Pain Awareness Month
The word elicits a number of images and feelings. Whether physical, emotional, current or past, pain is part of the human experience. There are thousands of wise quotes about handling pain, surviving pain, helping others through pain, and learning from pain. Since we are just coming to the end of September, which since 2001 has been deemed “Pain Awareness Month”, let’s delve into the pain associated with wounds.
Pain is a very complex concept filled with many factors that affect its severity and impact: Stub your toe in the middle of the night as you are getting out of bed and you will most likely cry out in pain (unless you are nice to your mate). Stub your toe in the middle of a battlefield and most likely you will not even notice it. A tiny paper cut can be very annoying and painful with acute pain, changing the way you use your hand for the day. But a large diabetic foot wound can sometimes not be painful at all.
The purpose of pain is to warn that something is going wrong in the body. It can be in the form of discomfort, burning, stabbing, aching, constant or intermittent, but we had better pay attention to finding out why it is there. It could save your life or limb.
All types of wounds can have pain. Whether it is a pressure injury, trauma, surgical wound, venous ulcer, diabetic neuropathic ulcer, or inflammatory wound, all wounds can cause debilitating and prolonged effects due to the tissue injury and responses. There is never any reason to minimize the impact of pain. All pain is personal and all pain is perceived differently based on many non-physical factors such as context, prior experience, cognition, suffering, anxiety, and emotions.
The types of wound-related pain have been studied extensively. Krasner1 has developed a conceptual model that spells these out. There can be acute pain with a new injury, chronic pain associated usually with the underlying cause of the wound, cyclical pain associated with periodic acute pain (like dressing changes or position changes), and non-cyclical pain associated with irregular events such as a sharp debridement or occasional procedure.
So what do we do? How does a person overcome the presence of a painful wound with certain activities or as an undertone to all activities? How does a clinician assist someone to manage the wound and the pain associated thereof? We turn to Oprah, of course!
For both the patient and the clinician, finding ways to minimize pain is paramount. There are several strategies to employ. First of all, remove the local cause of pain if at all possible. If wound pain is caused by pressure, remove it! Get the proper bed or seating equipment; get properly fitting shoes or braces to offload the wound site. Look for dressings that minimize trauma to the wound bed while still creating a moist wound environment for healing. There are silicone-based foams, meshes, or gelling products that are appropriate for many wounds. Ease removal of these products by coming up with strategies at dressing changes that will minimize the acute cyclical or episodic pain. Look systemically at the cause of the wounds (which the wound treatment should include anyway). Compressing a venous ulcer and reducing swelling can minimize the pain as the cause is addressed.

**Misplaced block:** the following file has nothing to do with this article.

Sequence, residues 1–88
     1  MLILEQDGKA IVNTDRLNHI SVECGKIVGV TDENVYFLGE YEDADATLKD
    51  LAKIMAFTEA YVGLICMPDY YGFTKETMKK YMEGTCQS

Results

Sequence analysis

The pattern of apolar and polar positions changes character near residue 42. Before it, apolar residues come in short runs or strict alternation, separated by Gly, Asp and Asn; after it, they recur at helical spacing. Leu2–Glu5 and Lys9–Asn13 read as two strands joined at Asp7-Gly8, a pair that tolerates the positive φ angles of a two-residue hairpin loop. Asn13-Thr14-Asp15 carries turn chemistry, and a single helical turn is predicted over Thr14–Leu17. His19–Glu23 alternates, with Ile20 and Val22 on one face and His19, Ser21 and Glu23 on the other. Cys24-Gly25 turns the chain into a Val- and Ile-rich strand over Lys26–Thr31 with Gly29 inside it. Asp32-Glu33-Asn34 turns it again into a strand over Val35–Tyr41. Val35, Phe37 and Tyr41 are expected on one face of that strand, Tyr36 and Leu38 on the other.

Most people with wounds expect that there will be some pain. In addition, even the stress associated with wound pain can affect the progress of wounds. The burden and the privilege in wound management therefore must focus on limiting the suffering associated with treatment of these wounds. Clinicians and patients can partner together to use pain relieving dressings, medications (both topical and systemic), movement patterns, pressure relieving equipment, and mindfulness strategies to lessen and endure these experiences. As the wounds become smaller and the cause is managed, then hopefully the pain will also lessen or disappear.
One of the newer findings in the approach to pain management in wounds is the use of continuous diffusion of oxygen (CDO). CDO delivers oxygen using the same basic mechanism as breathing: direct diffusion of oxygen into the wound from a moist wound therapy dressing. This is a wearable technology (TransCu O2) using room air to deliver pure oxygen via tubing to the wound dressing. In studying the effects of this device on wound healing, the results included significant healing AND a significant reduction of pain, even during the first several days of treatment.2 Out of 20 patients, 90% of them experienced noticeable pain relief in the first week. One patient in particular had experienced significant trauma with each dressing change. Her wound had been present for over a year. It was a small wound, but quite painful. She was terrified each time the wound clinician came to change her dressing. After the first treatment with CDO, experiencing the dressing change with very little pain, she exclaimed, “I have lost my fear”. Her wound went on to close in 39 days. Now those words are worth quoting.
All pain can be debilitating or life changing. So no matter if you are suffering from the pain of a stumped toe or the neuropathy of a chronic foot ulcer, this September we are mindful of the pain associated with wounds and the people dealing with such pain. May they lose their fear of chronic pain and turn their wounds into wisdom.
This blog post was written by Robin Carlson, PT CWS
What is PT CWS? Physical Therapist and Certified Wound Specialist